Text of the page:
Using Terminal – Ubuntu

Using Terminal - Ubuntu The Ubuntu Terminal is very complex and useful tool that all Linux distributions use.

The terminal is more then often a huge barrier for a new Linux user and may be keeping them from effectively using the Linux system.

So many users have been using point and click methods of desktop navigation since MS-DOS. Typing text into a command window can be a bit overwhelming for today’s average user but it shouldn’t be.

Some of the advantages of using the command-line Terminal to accomplish tasks are great.

The speed of using the terminal is a fraction of time that it takes to accomplish the same task graphically.

Once you’ve opened the Terminal with your first click you can type and execute commands faster.


 

 

 

Using Terminal – Ubuntu

 

Lets get started, there are two ways to get to the terminal one you can open the Dash Home and search for “Terminal” to open it. or you can simply press (CTRL+ALT+T) at the same time and a terminal will pop up for you.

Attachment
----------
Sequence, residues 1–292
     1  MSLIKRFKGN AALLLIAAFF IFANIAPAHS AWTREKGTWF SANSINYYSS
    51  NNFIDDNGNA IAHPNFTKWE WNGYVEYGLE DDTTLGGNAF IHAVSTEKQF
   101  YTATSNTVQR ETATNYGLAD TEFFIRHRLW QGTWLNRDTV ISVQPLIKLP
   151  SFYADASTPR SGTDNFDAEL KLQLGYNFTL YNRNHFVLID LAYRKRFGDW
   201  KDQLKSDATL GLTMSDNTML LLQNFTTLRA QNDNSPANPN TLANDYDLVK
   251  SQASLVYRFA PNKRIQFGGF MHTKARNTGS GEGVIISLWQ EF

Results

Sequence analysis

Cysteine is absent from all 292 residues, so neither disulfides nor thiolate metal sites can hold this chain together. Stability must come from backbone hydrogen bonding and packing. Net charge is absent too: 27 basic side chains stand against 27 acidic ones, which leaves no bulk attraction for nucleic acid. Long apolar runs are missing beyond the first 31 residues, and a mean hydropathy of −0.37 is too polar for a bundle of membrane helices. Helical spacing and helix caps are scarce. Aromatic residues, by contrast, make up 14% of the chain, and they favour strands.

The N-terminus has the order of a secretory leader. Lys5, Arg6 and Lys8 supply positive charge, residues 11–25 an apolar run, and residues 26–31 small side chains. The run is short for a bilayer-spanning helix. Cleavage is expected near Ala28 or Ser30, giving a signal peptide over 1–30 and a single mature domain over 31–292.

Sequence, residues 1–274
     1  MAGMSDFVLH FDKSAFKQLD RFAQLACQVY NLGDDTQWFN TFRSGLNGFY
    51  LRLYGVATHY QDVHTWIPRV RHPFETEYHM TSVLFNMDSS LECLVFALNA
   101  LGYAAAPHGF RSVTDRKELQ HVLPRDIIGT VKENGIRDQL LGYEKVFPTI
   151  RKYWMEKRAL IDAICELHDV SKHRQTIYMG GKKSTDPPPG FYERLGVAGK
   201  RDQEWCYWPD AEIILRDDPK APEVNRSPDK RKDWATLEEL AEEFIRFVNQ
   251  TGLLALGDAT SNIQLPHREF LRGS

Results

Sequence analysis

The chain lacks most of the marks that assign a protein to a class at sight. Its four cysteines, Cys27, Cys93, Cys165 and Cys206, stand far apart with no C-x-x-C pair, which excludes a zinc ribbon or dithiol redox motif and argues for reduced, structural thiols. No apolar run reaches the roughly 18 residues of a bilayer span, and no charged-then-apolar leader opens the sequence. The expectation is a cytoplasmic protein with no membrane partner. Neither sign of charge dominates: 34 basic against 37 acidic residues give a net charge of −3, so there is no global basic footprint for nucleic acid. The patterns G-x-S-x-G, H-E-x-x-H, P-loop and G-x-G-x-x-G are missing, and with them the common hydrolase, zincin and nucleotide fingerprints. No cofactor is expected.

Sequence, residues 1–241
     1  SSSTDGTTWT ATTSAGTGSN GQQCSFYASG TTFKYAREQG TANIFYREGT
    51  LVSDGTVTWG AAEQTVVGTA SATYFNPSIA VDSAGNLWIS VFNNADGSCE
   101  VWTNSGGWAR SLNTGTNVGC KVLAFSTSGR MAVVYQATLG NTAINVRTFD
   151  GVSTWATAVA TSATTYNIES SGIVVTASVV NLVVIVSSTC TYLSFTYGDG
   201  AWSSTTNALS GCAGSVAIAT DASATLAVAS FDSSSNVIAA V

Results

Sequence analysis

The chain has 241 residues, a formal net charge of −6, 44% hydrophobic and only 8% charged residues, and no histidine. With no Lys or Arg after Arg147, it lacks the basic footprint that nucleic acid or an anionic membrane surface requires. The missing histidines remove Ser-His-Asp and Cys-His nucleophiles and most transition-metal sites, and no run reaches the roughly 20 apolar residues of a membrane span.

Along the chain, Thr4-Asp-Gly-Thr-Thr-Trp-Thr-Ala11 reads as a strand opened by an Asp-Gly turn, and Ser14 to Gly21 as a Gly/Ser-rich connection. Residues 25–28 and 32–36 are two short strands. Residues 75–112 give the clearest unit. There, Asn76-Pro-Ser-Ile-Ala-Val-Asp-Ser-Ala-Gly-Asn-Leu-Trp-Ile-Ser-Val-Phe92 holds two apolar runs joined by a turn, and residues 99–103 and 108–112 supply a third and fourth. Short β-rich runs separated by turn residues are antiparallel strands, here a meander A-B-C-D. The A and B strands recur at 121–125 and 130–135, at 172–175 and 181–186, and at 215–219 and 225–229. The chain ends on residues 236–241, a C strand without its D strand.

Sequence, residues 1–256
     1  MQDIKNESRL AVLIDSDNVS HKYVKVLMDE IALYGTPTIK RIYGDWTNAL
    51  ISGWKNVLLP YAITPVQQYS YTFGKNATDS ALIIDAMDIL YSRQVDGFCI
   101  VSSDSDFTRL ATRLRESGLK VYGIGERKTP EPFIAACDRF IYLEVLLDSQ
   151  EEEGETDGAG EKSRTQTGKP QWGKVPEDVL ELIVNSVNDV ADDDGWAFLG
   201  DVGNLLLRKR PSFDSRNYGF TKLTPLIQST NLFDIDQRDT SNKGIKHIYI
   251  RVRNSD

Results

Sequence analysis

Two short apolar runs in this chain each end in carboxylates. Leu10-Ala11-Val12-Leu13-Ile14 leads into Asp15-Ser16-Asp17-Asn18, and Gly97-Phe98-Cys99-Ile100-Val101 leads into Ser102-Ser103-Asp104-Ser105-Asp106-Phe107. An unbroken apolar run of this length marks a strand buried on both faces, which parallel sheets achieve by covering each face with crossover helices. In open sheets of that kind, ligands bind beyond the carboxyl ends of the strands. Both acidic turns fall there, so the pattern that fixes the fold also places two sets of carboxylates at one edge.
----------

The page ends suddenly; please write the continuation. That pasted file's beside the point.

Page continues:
Here is what the Terminal looks like.

user@distogeeks:~$
 
 
 
 
 
 

Now that you know how to open the terminal here are a few basic commands that will help you on your way to becoming a better Linux user, NOTE: be careful what you do here.

 

Managing Privileges & Rights to Files and Directories

» chmod — Change Mode
» su — Switch User
» sudo — run command as root
» sudo -r — open a root shell as user
» sudo -r -u user — open a shell as user
» sudo -k — forget sudo passwords
» gksudo — visual sudo dialog (GNOME)
» kdesudo — visual sudo dialog (KDE)